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Elections (Entitlement to Vote At Age 16)

Matthew Green accordingly presented a Bill to amend the Representation of the People Act 1983 to provide that a person aged 16 years or over is entitled to vote in a parliamentary or local government election: And the same was read the First time; and ordered to be read a Second time on Friday 19 July, and to be printed [Bill 76].


Motion made, and Question put forthwith, pursuant to Standing Order No. 118(6) (Standing Committees on Delegated Legislation),


Question agreed to.

Motion made, and Question put forthwith, pursuant to Standing Order No. 118(6) (Standing Committees on Delegated Legislation),

Local Government Finance

Question agreed to.


3.42 pm

Mr. Speaker: Before we come to the main motion, I have a short statement to make about the debate on facilities of the House. A list of amendments that have been selected has been circulated. I propose to allow a broad general debate on the motion, at the end of which there will be an opportunity for amendments to be proposed formally and divided on before the Question is put on the main motion.


Mr. Speaker: I have to notify the House, in accordance with the Royal Assent Act 1967, that the Queen has signified her Royal Assent to the following Act:

Consolidated Fund (No. 2) Act 2001

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Facilities of the House

3.43 pm

The President of the Council and Leader of the House of Commons (Mr. Robin Cook): I beg to move,

The motion relates to the facilities of the House, but I fully recognise that most Members come to the debate with views mainly shaped by events in Northern Ireland. The hon. Member for Grantham and Stamford (Mr. Davies), who I understand will respond to my opening remarks, informed us this morning, courtesy of The Daily Telegraph, of the views that he brings to the debate. He said that the Conservative party is withdrawing bipartisan support in Northern Ireland over this issue. [Interruption.] I observe that he has the support of the Conservative party.

It is of course the right of the hon. Gentleman and his colleagues to end the principle of a bipartisan approach in Northern Ireland. We gave them bipartisan support on Northern Ireland when they were in government.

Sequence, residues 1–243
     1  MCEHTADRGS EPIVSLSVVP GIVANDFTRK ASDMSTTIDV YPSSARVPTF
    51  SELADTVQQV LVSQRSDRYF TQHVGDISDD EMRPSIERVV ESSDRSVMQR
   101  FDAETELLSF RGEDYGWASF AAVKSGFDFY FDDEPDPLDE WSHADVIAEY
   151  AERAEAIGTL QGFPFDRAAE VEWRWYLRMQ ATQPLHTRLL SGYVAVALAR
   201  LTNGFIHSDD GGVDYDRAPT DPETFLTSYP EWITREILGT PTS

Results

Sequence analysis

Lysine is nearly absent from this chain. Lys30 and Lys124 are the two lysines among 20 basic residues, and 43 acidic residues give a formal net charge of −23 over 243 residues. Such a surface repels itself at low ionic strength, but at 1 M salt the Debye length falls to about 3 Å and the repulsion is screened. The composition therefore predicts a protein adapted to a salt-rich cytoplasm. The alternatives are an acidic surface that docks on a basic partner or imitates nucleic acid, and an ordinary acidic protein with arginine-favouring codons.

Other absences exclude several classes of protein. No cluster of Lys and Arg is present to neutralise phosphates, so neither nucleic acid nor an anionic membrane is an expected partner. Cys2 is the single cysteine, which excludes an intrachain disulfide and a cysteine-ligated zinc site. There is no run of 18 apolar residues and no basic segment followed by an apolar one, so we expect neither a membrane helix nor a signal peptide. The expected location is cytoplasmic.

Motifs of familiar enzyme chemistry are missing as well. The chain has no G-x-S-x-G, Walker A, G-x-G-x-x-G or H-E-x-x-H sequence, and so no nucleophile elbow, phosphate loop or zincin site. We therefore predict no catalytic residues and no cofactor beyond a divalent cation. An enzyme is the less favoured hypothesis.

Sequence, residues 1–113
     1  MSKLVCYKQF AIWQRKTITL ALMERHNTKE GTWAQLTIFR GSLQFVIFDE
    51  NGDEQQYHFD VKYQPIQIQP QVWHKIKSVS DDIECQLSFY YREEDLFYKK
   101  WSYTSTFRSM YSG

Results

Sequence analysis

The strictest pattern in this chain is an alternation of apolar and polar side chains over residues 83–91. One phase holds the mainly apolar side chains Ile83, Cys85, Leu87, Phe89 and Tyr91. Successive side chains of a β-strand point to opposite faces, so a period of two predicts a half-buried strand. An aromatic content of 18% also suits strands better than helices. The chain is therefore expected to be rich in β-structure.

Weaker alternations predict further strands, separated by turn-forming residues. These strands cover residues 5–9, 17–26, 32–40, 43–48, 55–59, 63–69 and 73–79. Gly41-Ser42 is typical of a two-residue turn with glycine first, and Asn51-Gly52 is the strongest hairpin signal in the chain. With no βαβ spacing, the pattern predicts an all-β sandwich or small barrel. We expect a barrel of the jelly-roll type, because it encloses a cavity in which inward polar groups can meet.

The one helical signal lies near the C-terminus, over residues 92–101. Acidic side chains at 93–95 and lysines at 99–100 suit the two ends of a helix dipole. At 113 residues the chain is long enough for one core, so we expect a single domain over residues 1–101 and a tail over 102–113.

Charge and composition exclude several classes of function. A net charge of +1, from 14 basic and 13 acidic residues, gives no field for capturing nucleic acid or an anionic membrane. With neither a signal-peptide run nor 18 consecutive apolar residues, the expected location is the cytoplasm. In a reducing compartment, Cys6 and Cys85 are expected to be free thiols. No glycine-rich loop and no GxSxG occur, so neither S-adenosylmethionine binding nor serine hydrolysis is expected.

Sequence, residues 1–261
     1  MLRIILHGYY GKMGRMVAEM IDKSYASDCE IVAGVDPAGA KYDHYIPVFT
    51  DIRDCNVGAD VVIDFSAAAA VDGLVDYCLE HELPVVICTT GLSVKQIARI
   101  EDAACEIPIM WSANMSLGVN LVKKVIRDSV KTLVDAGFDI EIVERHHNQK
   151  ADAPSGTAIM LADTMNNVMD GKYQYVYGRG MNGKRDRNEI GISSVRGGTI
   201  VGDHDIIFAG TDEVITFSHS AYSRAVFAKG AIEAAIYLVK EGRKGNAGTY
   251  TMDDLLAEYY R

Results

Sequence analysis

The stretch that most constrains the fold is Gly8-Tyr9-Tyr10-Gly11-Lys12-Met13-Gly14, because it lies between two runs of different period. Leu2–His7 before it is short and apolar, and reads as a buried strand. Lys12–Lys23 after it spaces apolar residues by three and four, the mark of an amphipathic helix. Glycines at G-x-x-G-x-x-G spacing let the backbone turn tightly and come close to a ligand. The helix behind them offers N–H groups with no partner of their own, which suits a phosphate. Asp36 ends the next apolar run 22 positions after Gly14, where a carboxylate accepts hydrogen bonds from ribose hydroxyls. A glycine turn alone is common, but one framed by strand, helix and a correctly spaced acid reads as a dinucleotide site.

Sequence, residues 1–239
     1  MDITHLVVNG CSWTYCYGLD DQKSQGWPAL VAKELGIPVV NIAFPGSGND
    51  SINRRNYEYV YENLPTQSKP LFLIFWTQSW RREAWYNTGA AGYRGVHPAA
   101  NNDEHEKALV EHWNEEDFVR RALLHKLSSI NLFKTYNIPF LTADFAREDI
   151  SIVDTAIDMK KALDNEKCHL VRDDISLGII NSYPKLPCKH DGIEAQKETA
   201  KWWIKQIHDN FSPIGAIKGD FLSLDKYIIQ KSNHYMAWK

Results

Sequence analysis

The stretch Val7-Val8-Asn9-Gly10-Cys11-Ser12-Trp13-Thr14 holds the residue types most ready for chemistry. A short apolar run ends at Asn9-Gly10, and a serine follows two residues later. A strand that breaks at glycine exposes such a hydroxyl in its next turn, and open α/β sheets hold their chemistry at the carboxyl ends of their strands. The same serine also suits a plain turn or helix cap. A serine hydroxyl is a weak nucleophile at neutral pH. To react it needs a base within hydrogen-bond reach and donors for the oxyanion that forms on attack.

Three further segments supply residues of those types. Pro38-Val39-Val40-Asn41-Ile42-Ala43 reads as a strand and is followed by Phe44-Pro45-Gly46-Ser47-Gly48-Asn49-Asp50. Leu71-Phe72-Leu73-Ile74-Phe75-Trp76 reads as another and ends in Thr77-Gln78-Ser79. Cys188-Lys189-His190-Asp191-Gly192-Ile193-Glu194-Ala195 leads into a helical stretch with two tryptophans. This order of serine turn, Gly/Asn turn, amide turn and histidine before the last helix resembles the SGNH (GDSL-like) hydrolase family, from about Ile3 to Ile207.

Mr. Quentin Davies (Grantham and Stamford): Is the right hon. Gentleman telling the House that, in opposition, the Labour party voted for the Prevention of Terrorism Act?

Mr. Cook: No, I am not saying that. As the hon. Gentleman knows perfectly well, that Act raised a number of concerns about the treatment of people on the mainland who were not necessarily connected with the IRA. I am sure that he will also acknowledge, as he is a fair-minded gentleman, that we gave the Government full support for every effort that they made to get a peace process going in Northern Ireland.

I am not surprised that, in opposition, the hon. Gentleman does not feel bound to give us the support that we gave his party when it was in government. What does surprise me is that he has ended bipartisanship over access to the House of Commons. Never once in their 18 years of government did the Conservatives withdraw the right of access from Sinn Fein. Throughout the decade in which Gerry Adams was an elected Member of Parliament, a Conservative Government left him the right to enter the precincts and the right of access to any services provided. Indeed, in every month of his membership Gerry Adams was mailed his allocation of tickets to the Public Gallery, and occasionally used them. Not once in those years did the hon. Gentleman try to stop him.

I assume from the bewildered look on the hon. Gentleman's face that he was totally unaware of his Government's policy throughout that decade in which Gerry Adams was entitled to come into this place.

At that time, the right of access to Westminster for Members who had not taken the Oath was of long standing. For more than 100 years, there was nothing to bar from the precincts a Member who had refused to take the Oath. Indeed, in the 19th century, Members who had

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not taken the Oath on religious grounds attended Westminster regularly, and even listened to debates from beyond the Bar of the House.